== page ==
Oliver Solberg on the eve of the 2022 FIA World Rally Championship season opening Rally Monte Carlo: ‘It is a dream come true for me to be joining a factory team for the first time. I am very excited; it’s just fantastically cool to be starting this new season.”
The 20 year-old son of 2003 World Rally Champion Petter Solberg will spend this season at the wheel of the Hyundai i20 N WRC Hybrid. Monte Carlo proved to be something of a struggle and ended with the car being retired, but next week he gets back in the saddle for Rally Sweden.
“The Rally Sweden will be big for me,” said Solberg of the 19-stage rally, which is entering its 69th year. “Especially since it will be my first time as a factory driver and it will be in my home country. I mean, this is fantastic. It is a really cool opportunity, and it is something I have dreamed of my whole life. It is definitely really cool. There has been a lot of media calling and wondering what I am doing and how I am preparing. For sure they have expectations of me, but it is just awesome to be doing it at home, you know? It’s such a cool opportunity.”
Retired from the Monte Carlo due to a combination of bad luck and mechanical gremlins, Solberg is relieved the have the event behind him.
“Yeah, I think the rally caused mixed emotions for the whole team,” admitted Solberg. “I don’t think anyone in the team was thrilled with the result and completely happy. It just wasn’t the result that we wanted. Unfortunately, I had a lot of issues with the car, and I had to retire in the end. I think speed-wise we were quite okay. We had good improvements and I felt quite confident at a few points.
“The driving felt quite good and so on, but the car was so new and we didn’t have any time to prepare. It’s okay. It is all part of the learning curve. I’m the third driver. I’m there to gain experience and the other two drivers are there to win the championship, so that’s the difference between all of us. I’m there to help and to support the team.”
As part of the works Hyundai Shell Mobis WRT program, Solberg is teamed with Ott Tanak, Thierry Neuville and Dani Sordo.
“I’ll do the majority of the rallies this season,” said Solberg. “For sure, it will be a big program. It’s a challenge to do every single event. Even if it is a bit of a mix between a third and a fourth car, or if it is a mix between the category beneath the bigger class, the plan is definitely to do the majority of the rallies in the third car. For sure I will have a lot of events. And there are events like Monte Carlo, which is a typical event where you just try to get mileage and experience. Now, this upcoming rally in Sweden will be more about trying to get some good results.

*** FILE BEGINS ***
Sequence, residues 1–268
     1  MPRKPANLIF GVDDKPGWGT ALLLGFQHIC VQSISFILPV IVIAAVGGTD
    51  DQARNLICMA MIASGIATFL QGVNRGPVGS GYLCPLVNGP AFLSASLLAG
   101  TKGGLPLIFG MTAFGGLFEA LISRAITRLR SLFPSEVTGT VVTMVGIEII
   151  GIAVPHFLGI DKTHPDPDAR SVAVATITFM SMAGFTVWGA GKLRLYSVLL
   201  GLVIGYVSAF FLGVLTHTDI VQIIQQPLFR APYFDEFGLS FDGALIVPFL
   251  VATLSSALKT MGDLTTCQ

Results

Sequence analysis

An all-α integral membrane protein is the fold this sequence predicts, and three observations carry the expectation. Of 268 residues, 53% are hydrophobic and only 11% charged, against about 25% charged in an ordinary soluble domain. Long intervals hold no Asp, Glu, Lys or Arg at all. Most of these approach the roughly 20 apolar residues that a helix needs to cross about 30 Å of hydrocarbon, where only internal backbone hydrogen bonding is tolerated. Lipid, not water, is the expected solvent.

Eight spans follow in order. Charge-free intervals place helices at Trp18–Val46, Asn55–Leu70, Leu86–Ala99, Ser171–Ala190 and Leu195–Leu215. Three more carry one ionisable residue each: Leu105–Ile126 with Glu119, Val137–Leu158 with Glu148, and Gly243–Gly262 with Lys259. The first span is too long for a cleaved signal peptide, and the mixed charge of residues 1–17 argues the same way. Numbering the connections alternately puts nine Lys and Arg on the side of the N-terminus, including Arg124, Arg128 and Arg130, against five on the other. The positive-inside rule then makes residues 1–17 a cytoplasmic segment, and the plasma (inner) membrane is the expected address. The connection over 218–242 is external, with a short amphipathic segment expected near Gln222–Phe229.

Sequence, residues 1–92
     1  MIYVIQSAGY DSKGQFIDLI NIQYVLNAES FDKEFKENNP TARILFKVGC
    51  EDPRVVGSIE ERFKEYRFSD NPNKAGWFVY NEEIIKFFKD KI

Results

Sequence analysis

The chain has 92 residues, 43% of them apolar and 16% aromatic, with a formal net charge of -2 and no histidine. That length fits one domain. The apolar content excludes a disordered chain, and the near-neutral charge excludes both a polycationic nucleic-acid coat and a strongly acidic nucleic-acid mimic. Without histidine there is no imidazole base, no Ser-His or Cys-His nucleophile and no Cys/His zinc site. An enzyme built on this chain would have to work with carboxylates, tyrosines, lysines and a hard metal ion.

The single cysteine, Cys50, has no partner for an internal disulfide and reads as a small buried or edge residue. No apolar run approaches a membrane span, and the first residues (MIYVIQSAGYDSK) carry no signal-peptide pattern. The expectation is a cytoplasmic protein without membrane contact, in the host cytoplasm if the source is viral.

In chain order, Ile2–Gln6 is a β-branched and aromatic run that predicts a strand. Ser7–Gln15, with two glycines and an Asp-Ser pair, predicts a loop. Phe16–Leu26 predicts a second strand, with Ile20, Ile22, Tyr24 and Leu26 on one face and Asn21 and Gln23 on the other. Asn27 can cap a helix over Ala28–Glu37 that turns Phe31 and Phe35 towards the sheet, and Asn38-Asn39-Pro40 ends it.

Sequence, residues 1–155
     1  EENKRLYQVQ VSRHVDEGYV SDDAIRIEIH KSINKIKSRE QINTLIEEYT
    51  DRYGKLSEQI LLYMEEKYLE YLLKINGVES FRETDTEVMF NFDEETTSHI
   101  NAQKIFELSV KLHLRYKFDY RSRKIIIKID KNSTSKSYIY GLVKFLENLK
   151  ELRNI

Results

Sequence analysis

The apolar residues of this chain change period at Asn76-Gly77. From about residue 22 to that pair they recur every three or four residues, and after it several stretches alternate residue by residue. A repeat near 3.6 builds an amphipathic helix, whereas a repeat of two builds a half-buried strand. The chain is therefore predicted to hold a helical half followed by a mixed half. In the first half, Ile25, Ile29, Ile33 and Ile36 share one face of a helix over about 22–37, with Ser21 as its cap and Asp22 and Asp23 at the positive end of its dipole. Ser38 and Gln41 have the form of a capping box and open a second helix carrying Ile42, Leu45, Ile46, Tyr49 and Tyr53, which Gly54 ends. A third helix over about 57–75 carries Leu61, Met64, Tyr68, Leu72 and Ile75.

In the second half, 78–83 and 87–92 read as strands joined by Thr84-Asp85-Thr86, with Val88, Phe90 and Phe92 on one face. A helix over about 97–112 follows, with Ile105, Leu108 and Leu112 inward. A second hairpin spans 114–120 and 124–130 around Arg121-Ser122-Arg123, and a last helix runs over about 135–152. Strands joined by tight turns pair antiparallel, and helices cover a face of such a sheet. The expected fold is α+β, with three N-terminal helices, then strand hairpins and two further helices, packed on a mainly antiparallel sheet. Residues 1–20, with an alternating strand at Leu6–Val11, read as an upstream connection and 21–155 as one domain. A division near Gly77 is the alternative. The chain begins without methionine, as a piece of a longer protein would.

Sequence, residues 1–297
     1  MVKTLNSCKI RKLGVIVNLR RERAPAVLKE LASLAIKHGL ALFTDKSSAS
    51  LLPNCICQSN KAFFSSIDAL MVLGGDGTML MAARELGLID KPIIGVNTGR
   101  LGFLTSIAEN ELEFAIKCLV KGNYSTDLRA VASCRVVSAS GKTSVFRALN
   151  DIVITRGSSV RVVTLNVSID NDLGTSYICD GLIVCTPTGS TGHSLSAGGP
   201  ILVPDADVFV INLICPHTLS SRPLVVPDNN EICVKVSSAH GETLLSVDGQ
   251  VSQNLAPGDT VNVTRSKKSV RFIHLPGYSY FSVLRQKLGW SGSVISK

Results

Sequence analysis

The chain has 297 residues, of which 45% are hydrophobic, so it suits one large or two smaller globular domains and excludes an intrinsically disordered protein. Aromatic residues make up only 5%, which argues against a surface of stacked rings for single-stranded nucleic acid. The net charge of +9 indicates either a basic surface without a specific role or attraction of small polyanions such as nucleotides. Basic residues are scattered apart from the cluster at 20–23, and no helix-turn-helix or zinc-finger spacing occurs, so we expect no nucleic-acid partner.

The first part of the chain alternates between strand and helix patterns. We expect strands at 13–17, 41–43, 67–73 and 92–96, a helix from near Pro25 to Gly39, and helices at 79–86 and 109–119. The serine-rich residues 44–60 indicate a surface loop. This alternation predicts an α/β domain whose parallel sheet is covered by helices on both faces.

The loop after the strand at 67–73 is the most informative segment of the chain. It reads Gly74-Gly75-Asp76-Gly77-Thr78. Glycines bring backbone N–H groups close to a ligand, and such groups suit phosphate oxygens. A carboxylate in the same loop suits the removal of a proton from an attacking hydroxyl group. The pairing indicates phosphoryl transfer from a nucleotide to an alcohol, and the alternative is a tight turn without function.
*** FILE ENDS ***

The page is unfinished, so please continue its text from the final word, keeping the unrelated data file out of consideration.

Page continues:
“Every round for me will depend on a bit of experience and then trying to get some results. It’s a bit of a mix this season. It’s trying to get some good results when I feel confident. In the events that I have done before, I am trying to do as good as I can and trying to show my speed. I’ve shown that my speed is good, but I also think it is good to keep pushing all of the time. Then at some events it is just to get through them and to get experience. As I said, it’s a mix and I’m hoping to get a lot of experience from the races that I’ve never done. And then from the races that I’ve done before, I’m hoping to get some good results.”
Sitting in a comfortable sofa and enjoying the fire roaring in the massive living room fireplace, former Petter Solberg smiled on. When asked about his father, Oliver did all of the talking.
“He’s excited,” said Oliver Solberg, nodding over to his father. “For sure he is excited. Right now he’s sitting here on the sofa! We are super-excited as a family. Speaking of family, winning the 2022 Race of Champions together with him this year was just amazing. It’s cool to be able to do some things together, which is so special. To win that Race of Champions was crazy! I mean, Jimmie Johnson was racing. He’s a driver that I’ve been looking up to, and Colton, he’s my age. It was a mix of youthful and older drivers and youthful and older generations.
“It was cool to race against America in the finals. They were such good drivers and we knew that it was going to be tough. Even if we had a small advantage with ice and snow, I knew it was going to be tough because they adapted so quickly. It was just great to drive against all of these legends and to be able to meet them and all of them were so friendly. Everyone had respect for each other and it was just an awesome event. And to win it! It was crazy!”
The World Rally Championship is powering into a new electrified era, and Hyundai Motorsport has been keen to slot Solberg into its highly talented driver lineup as well as its new electronic future.
“Hyundai is a huge organization,” said Solberg,. “The Hyundai WRC team is a big part of the whole program worldwide. WRC is Hyundai’s only official program, so it is a huge thing to be a part of, and to be able to build a relationship together with the Koreans has been excellent. They are super-nice people, and then combined together with this WRC program, it is an honor to be involved. It’s a long-term plan together, and they want me to be world champion with them. That’s my plan and what I want, as well. It’s all about building these relationships, and it’s going well. In the near future it is about trying to get some speed and to trying to build on that. As my first year inside this big team, it’s trying to build relationships and trying to build confidence with everybody. For the future, the long term plan is to be world champion with Hyundai.”